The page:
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Development After Infant Surgery Study

Sydney Children's Hospital Network
Project Added:
2 November 2018
Last updated:
19 November 2018

Development After Infant Surgery Study


The Development After Infant Surgery (DAISy) study is the first of its kind in the world. It investigated neurodevelopmental outcomes in infants who had major surgery within the first 90 days of life.


To identify developmental differences between healthy infants and those who had major non-cardiac and cardiac surgery in the first 90 days of life.


  • Identifies developmental delays in infants following major surgery.
  • Improves the timeliness of targeted interventions and referrals.
  • Improves health outcomes and potentially prevents neurological disability.
  • Empowers parents and families to support their child’s health.
  • Improves collaborative partnerships with community health services.
  • Enhances multidisciplinary research collaborations internationally.
  • Improves productivity and efficiency in neonatal intensive care units.
  • Provides a rapid translation from research to clinical practice.


Parents of newborns who require major surgery often want to know how their baby’s long-term neurodevelopment will be affected and whether they will have a normal life. In these cases, early intervention has been shown to improve outcomes, both after surgery and later in life. The Grace Centre for Newborn Intensive Care received a number of requests from parents about their baby’s neurodevelopmental outcomes following major surgery and decided to conduct a research study to provide answers for these families and better outcomes for children.


The DAISy study was a prospective, large-scale longitudinal study involving 784 infants across NSW who had major cardiac and non-cardiac surgery within the first 90 days of life. Their developmental outcomes were assessed at one year of age and three years of age, using the Bayley scales of infant and toddler development (Third Edition). Results were then compared to a group of healthy children.


Sustained – The project has been implemented and is sustained in standard business.


  • Started: 2010
  • Project completed: 2017

Implementation sites

Grace Development Clinic, Grace Centre for Newborn Intensive Care, Sydney Children’s Hospitals Network


Of the 784 infants enrolled in the study, 539 were assessed at one year of age and 417 returned for the three-year assessment. There were 378 complete assessments that informed the results of the study. Results showed significant differences in development between children who had major surgery and their peers, with increased delay in language and motor skills at one and three years of age. Infants who had surgery for complex heart conditions had the highest risk.1,2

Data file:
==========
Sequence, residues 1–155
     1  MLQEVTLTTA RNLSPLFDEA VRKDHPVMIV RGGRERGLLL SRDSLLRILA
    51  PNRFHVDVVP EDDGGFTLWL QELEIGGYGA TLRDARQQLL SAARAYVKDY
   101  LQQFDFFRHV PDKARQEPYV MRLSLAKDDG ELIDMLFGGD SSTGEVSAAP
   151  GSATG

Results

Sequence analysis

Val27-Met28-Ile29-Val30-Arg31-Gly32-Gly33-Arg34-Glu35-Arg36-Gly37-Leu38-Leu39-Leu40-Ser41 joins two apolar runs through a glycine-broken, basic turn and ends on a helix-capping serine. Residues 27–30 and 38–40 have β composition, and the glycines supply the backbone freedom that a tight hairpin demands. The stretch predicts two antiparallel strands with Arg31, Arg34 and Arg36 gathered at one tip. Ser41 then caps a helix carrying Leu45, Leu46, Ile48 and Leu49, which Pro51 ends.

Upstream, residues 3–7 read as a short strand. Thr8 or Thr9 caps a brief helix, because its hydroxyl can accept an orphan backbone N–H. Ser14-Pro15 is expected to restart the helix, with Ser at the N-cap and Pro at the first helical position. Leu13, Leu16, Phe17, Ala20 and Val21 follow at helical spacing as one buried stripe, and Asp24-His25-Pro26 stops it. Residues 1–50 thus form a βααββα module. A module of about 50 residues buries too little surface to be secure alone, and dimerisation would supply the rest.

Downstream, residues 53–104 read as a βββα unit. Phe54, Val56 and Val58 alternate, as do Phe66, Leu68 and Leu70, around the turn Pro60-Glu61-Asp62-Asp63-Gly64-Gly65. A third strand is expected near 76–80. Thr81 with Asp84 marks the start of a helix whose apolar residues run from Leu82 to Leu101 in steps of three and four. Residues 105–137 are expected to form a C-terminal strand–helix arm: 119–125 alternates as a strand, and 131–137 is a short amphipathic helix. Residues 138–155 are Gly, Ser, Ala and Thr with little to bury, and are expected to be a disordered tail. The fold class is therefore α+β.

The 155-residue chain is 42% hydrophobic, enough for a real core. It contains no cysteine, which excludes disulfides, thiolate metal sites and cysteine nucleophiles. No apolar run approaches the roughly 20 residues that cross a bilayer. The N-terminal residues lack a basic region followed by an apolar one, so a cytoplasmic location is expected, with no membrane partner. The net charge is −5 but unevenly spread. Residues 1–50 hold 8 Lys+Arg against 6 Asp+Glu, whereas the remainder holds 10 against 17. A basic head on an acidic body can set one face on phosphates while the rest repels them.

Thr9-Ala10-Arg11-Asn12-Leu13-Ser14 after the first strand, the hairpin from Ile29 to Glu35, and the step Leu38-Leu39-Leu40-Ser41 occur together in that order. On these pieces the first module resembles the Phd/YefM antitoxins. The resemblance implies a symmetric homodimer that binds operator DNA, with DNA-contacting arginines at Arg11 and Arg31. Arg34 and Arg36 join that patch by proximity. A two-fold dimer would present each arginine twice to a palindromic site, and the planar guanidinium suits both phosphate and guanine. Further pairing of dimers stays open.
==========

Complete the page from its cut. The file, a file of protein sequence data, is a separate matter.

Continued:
The research was translated into clinical practice quickly. After only two years, the team began to enrol infants into the Grace Development Clinic, to assess developmental outcomes and provide early interventions if required. The number of infants enrolled in the clinic has increased from 40 in 2006 to more than 400 in 2017. The reduction of disability through early interventions has an enormous cost benefit to families and to NSW Health.

Surveys of patients conducted during the study showed positive feedback about the timeliness of interventions and ability to link to local services. It was appreciated by many families living in remote areas, who would normally be excluded from research studies due to distance and cost. One parent wrote: 'Thank you for coming all this way, it makes us feel that the outcomes for our children in the bush are just as important as for those children in the city.'

Routine follow-up to assess developmental outcomes following complex surgery is now becoming a standard of care in Australia and has been incorporated into the care for every infant at the Grace Centre for Newborn Intensive Care. The Australian and New Zealand Neonatal Surgical Network was established by the project team and has resulted in practice change both locally and internationally. Additional studies are now underway to determine whether these children continue to be at risk in primary school, and whether follow-ups need to continue beyond three years of age.

This project was a finalist for Health Research and Innovation​ category of the 2017 NSW Health Awards.

Lessons learnt

Challenges in implementation included funding of assessments. Input from other multidisciplinary clinics has helped to solve this issue and funding has been based on similar models in the network.


  1. Walker K, Badawi N, Halliday R et al. Early developmental outcomes following major noncardiac and cardiac surgery in term infants: a population-based study. Journal of Pediatrics 2012;161(4):748-52.
  2. Walker K, Loughran-Fowlds A, Halliday R et al. Developmental outcomes at 3 years of age following major non-cardiac and cardiac surgery in term infants: a population-based study. Journal of Paediatrics and Child Health 2015;51(12):1221-5.

Further reading


Dr Alison Loughran-Fowlds
Clinical Head, Co-Head Department, Head Grace Development Clinic
Grace Centre for Newborn Intensive Care;
The Children’s Hospital Westmead
Sydney Children's Hospital Network
Phone: 0438 260 307

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